In addition, many below grade ramp garages have service entrances which lead into adjacent buildings allowing fire to spread very easily into them. This is a real concern should a vehicle on fire be parked next to one of these entrances. In extreme cases, additional alarms will have to be requested bringing additional firefighters and resources to the incident as the dangers posed by these exposures necessitate.
In most situations the ventilation systems will shut down automatically once a fire alarm has been activated in the below grade garages. During a pre-plan inspection of the ramp garage, information pertaining to the ventilation system should be obtained.
The incident commander should request assistance from a maintenance representative in matters pertaining to ventilating the garage area. Additionally, all buildings and office spaces exposed to the vehicle fire should be examined by personnel to ensure that smoke conditions do not exist in the buildings, both during the fire operations and immediately following.
Above Grade Fires
Ramp garages which are located above grade level have many of the same similarities as those found in below grade garages. However, the location of a vehicle fire will be more evident in an above grade ramp garage than below grade ramp garage. This is primarily due to the fact that smoke can be seen coming from the level where the vehicle fire is located upon approaching the scene.
Operations at above grade ramp garages actually will present the firefighters with options that are not available for below grade operations. One option or method is the use of aerial devices allowing for quicker access to the levels.
In addition to moving firefighters with their tools and equipment up to the fire floor, the aerial can be used as a waterway or portable standpipe. This can be created either by using a pre-piped waterway found on some of the aerial apparatus, or by advancing a supply line up the ladder bed with a gate on the end. In essence creating a standpipe system. Using this method, firefighters are assured of a secure water source.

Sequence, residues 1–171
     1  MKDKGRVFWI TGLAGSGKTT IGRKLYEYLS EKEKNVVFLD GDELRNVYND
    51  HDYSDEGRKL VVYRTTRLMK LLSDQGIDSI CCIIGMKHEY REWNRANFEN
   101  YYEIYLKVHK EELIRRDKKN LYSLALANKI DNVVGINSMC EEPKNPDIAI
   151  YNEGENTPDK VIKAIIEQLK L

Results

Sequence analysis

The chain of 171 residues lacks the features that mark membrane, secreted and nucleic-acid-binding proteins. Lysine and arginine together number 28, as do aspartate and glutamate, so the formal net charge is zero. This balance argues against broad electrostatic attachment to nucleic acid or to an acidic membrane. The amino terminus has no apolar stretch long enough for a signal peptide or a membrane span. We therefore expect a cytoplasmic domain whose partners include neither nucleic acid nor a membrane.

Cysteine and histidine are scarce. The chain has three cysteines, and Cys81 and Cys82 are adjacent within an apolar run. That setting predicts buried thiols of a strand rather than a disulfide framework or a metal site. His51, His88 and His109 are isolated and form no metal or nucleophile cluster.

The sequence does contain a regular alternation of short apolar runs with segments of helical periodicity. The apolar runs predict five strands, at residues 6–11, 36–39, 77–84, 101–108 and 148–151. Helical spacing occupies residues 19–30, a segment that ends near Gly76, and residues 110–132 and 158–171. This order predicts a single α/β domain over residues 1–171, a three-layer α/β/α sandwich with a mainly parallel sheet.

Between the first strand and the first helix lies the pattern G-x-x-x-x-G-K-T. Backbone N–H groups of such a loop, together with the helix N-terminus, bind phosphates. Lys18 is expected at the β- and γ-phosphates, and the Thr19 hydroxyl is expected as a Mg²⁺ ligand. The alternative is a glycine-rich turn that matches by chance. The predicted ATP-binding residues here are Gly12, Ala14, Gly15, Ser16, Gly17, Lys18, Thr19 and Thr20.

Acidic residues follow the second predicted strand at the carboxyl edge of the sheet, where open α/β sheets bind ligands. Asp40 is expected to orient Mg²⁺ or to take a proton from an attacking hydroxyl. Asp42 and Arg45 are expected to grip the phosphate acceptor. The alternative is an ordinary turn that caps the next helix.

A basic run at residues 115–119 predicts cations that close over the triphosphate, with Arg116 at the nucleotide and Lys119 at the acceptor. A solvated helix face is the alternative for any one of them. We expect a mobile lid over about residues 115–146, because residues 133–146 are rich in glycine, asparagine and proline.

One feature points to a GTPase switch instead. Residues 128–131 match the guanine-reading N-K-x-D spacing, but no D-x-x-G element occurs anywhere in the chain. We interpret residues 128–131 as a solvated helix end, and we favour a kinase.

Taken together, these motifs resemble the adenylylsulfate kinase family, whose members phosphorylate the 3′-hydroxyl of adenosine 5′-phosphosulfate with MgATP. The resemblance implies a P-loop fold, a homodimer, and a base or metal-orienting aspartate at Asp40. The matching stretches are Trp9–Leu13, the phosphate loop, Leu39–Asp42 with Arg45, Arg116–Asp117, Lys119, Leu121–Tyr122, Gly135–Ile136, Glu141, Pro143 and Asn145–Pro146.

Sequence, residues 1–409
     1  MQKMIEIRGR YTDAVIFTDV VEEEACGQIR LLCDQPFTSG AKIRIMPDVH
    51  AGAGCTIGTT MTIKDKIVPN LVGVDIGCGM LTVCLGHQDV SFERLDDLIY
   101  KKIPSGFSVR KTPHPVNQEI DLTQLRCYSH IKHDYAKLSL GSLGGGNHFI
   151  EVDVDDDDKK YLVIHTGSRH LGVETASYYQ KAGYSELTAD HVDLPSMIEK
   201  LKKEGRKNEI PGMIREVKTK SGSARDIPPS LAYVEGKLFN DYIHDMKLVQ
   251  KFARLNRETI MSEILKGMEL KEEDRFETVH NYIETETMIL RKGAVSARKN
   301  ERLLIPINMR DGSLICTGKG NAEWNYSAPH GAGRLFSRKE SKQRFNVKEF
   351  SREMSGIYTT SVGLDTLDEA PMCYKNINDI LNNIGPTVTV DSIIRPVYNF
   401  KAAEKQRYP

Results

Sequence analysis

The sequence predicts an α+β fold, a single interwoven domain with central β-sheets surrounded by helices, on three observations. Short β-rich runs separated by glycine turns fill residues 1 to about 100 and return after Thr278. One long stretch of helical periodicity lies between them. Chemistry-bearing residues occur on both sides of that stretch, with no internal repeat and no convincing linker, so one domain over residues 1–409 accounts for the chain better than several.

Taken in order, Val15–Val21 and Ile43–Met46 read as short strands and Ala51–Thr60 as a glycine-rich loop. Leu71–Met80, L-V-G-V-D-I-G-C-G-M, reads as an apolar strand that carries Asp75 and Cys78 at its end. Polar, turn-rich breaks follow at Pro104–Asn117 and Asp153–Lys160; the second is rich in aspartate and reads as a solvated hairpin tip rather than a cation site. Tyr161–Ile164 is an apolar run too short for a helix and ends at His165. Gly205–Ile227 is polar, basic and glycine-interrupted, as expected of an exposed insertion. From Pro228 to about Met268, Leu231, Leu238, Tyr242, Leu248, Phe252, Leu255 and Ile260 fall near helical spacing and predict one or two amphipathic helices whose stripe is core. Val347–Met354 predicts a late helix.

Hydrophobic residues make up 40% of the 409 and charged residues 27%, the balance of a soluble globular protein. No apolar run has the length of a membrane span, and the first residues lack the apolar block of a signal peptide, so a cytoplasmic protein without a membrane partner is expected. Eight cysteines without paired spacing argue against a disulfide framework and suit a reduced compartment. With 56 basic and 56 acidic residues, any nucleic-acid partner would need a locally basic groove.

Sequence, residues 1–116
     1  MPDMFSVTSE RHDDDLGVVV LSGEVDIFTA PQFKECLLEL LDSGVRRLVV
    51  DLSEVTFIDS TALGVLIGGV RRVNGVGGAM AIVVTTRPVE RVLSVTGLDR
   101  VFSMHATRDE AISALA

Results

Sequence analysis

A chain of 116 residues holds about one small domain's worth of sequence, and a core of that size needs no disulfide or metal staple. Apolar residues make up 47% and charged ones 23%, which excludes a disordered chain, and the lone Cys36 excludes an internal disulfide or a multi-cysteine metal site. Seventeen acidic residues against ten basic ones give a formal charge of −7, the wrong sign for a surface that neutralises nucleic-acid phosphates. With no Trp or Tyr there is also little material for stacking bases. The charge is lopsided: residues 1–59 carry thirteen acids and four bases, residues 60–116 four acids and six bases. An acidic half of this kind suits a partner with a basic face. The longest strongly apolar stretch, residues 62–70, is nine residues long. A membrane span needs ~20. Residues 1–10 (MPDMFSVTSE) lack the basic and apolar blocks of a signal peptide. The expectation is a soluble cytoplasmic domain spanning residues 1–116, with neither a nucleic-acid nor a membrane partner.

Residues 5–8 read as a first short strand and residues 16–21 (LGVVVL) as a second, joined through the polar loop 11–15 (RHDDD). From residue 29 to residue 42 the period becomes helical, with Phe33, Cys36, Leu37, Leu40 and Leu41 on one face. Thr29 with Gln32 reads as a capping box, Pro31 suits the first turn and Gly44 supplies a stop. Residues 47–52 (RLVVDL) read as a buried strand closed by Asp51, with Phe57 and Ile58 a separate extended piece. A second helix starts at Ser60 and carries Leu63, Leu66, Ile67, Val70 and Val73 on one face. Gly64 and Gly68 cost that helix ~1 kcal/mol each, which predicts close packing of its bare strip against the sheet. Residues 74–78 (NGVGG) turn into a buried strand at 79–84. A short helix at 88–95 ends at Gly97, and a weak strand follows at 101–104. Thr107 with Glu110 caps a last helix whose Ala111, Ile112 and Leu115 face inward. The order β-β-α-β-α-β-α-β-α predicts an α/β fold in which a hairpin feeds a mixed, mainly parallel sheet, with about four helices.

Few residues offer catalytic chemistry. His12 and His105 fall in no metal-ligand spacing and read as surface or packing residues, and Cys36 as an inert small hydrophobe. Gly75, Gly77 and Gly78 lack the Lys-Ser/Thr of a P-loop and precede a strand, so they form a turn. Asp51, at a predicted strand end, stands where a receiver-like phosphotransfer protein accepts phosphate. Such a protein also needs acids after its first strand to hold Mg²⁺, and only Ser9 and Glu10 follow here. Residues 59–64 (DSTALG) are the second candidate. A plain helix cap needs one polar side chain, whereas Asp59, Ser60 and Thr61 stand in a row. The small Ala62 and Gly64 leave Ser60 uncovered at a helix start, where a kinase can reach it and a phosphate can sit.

Another commonly used method for getting a water supply in place is using a rope to haul a supply line up the outside of the garage to the desired level. Once in place, the attack hose (brought up with the other tools and equipment) can be attached to it. Another option is to just drop a supply line from the fire floor over the side of the outside of the garage to the engine.
Strong winds will hamper operations at above grade level ramp garages. Exposures become of a greater concern to firefighters as these winds allow spreading of fire to happen more ardently. In general, the exposures are the same as were found in the below grade ramp garages mainly other vehicles parked next to the one on fire as well as structures that are attached to the ramp garage.
Attached structure exposures generally have access stations on each level of the garage. They are used to allow patrons and employees accessibility to the businesses or office space within them. Under windy environments, it becomes imperative that fire personnel deploy quickly to stop any further spread. of the vehicle fire to these exposures.
Cargo And Hazmat Concerns
From time to time, firefighters might be confronted with a cargo or utility van or similar style vehicle owned by a contractor carrying commercial supplies. Should this be the case, identifying the contents is critical. Check for any placards on the vehicle or labels on packages.
In today's environment a terrorist event occurring in a ramp garage cannot be ruled out as was the case in the 1993 car bomb attack at the World Trade Center in New York City.
Safety should be everyone's responsibility. Remember to follow your fire department's SOGs for vehicle fires and always wear your full personal protective equipment.
Vehicle fires pose many hazards for firefighters. The most serious of which are the toxic smoke and gases being released from the burning components. Therefore, it is a must that all firefighters wear their SCBA until complete ventilation of the area has been performed.
Another safety concern, are the hazards associated with the shock absorbers on the front and rear bumpers, pressurized struts, and the fuel systems. All these items can explode, as can the vehicles tires and the batteries. Additionally, firefighters need to monitor and be careful around all cars equipped with air bags and high voltage electrical systems.